Reviews 3

Booklist Review

It seems that the only thing farming and forestry have in common is that they both take place outdoors. Yet, according to the authors of this unorthodox but exceptionally useful handbook, forest farming, which involves gathering a wide variety of plants, from mushrooms to medicinals, predates agriculture. Aiming their advice at readers living in temperate climate zones, including the upper half of North America, Mudge and Gabriel draw on their expertise in the rapidly emerging field of agroforestry to provide in-depth tips on cultivating mushrooms, gathering fruits and nuts, harvesting popular herbs such as ginseng, and even managing goats for maintaining canopy-sheltered grasses and ornamentals. Along with sumptuous illustrations and invaluable case studies, their work provides a wealth of information for anyone with wooded land looking for ways to better manage it as well as reap a little extra profit from its rich agricultural potential.--Hays, Carl Copyright 2014 Booklist


Publisher's Weekly Review

In this latest of the publisher's serious, readable, and eminently useful books on cutting-edge permaculture practices, Cornell University professor Mudge and Fingerlakes forest farmer and horticulturalist Gabriel take a step outside the permaculture trend toward forest gardening--gardening that emulates forest patterns--and focus on farming in the woods by maintaining a healthy forest while growing a wide range of food, medicinal, and other non-timber products. Beginning with a nuanced cultural history of forest farming, Mudge and Gabriel share their expertise on an abundance of woodland products: pollination techniques for paw-paws; the comparative economics of shiitakes and ginseng; maple, birch, and walnut sugaring methods; hazelnut breeding; and the safe use of a chain saw, to name but a few. A thoughtfully speculative but practical section on the possible effects of climate change reflects the authors' humble and hopeful perspective that much of the trouble in the world today is due to disconnection from... larger cycles. Forest farming invites us to change these cycles and to offer a gift for generations to come. (Oct.) (c) Copyright PWxyz, LLC. All rights reserved.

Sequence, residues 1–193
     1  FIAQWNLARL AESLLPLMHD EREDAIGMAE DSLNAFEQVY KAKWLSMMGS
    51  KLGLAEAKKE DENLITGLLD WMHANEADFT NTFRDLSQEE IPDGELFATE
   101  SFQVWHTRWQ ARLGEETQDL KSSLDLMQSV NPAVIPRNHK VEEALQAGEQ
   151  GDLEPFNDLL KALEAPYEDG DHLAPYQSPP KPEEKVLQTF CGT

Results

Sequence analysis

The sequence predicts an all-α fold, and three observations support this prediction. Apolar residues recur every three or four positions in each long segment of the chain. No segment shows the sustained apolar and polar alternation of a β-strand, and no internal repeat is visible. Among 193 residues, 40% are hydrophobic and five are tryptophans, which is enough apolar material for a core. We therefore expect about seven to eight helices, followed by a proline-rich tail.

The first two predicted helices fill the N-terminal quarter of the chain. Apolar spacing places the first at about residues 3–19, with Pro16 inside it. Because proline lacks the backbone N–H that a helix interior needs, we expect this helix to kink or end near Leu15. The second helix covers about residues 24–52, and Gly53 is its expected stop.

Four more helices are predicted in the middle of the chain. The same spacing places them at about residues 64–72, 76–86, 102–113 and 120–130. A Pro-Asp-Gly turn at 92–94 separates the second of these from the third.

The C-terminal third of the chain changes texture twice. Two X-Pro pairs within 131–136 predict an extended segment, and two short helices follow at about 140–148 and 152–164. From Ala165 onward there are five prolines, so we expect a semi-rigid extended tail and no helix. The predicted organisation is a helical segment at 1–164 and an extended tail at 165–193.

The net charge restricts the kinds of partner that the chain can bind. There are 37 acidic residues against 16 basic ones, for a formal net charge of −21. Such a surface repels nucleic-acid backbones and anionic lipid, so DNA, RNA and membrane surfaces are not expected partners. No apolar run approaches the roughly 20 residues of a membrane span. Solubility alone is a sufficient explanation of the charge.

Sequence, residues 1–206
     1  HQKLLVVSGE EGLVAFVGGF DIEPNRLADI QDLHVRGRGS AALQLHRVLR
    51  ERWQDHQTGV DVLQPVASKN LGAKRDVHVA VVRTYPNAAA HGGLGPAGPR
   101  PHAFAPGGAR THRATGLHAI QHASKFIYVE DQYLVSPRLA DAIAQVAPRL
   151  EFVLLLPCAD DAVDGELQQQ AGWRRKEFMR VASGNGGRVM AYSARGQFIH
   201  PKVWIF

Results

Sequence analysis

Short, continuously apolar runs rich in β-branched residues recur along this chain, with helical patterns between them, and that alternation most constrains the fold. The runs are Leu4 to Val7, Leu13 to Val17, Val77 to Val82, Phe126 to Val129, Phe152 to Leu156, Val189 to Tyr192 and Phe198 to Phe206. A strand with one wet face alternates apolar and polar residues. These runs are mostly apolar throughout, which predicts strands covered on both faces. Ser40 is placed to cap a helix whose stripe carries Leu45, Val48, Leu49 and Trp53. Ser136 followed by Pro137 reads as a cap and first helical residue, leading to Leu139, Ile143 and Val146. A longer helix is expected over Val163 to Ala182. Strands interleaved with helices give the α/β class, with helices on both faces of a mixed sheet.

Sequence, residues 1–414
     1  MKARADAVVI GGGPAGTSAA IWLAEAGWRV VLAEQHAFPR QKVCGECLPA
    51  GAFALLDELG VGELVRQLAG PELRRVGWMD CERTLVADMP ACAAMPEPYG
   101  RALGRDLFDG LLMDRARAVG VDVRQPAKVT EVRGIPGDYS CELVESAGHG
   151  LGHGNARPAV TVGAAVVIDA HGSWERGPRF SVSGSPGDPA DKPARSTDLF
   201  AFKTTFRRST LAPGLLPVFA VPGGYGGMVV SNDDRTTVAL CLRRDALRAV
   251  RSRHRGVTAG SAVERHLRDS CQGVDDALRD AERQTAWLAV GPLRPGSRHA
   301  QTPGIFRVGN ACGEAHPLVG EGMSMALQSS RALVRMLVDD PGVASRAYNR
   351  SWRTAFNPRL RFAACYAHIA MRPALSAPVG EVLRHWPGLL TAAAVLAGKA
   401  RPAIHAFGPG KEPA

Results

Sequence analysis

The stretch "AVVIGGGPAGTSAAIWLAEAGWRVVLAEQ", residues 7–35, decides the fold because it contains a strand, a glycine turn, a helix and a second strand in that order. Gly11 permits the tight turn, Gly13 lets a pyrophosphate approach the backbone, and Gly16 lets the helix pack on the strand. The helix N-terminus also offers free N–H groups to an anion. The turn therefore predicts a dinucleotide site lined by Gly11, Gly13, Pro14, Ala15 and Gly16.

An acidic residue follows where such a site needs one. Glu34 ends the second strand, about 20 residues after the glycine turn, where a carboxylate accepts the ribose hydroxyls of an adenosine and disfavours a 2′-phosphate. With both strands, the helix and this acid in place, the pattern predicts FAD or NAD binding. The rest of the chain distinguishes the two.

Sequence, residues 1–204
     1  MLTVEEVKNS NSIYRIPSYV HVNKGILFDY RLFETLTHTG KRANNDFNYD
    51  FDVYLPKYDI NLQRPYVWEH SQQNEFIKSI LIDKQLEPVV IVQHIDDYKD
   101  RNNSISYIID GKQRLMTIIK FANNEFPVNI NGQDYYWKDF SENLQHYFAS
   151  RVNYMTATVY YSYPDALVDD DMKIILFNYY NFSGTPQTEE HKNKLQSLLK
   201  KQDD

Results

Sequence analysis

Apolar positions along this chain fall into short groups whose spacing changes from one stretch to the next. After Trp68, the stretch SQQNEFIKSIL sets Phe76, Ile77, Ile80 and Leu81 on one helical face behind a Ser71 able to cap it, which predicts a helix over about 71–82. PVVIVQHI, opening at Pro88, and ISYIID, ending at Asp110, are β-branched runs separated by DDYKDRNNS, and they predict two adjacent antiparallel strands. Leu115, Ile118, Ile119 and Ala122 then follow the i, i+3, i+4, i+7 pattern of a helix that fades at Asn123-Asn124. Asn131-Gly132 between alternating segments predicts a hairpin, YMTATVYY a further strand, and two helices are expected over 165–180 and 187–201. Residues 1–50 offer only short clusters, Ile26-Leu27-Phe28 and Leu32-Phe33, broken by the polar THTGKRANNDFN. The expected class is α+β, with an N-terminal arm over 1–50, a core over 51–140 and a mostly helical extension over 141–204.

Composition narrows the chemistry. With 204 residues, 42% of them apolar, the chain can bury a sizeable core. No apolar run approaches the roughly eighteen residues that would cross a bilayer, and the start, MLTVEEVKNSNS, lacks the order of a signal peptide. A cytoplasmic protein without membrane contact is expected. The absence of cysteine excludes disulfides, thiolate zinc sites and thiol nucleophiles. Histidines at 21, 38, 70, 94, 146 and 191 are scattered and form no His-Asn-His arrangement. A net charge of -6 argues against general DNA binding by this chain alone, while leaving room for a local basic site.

Choice Review

This excellent book by Mudge (Cornell Univ.) and Gabriel (educator, forest farmer, and ecologist, Finger Lakes region, New York) highlights the diverse income streams that forest landowners or individuals who want to design a forested environment on their land can cultivate. The book begins with clear definitions of forest farming, agroforestry practices, and a historical perspective on cultivating crops in the forest. A foundational understanding of forest ecology is presented, including forest food webs, succession and disturbance, nature mimicry, and adaptation as the climate changes. Later chapters focus on cultivating trees for fruits, nuts, or syrups; using nontimber forest products; growing mushrooms for food and medicine; gathering high-value medicinal plants; producing forest products in nurseries; harvesting wood products; and incorporating animals in the system as possible forest farm endeavors. The discussions of crops suggested in this detailed text are supported with diverse charts and interesting case studies to help readers find the path that best suits their interests. The conclusion provides guidelines for success in the design of forest farms. Summing Up: Highly recommended. All levels/libraries. --Marisha Auerbach, Oregon State University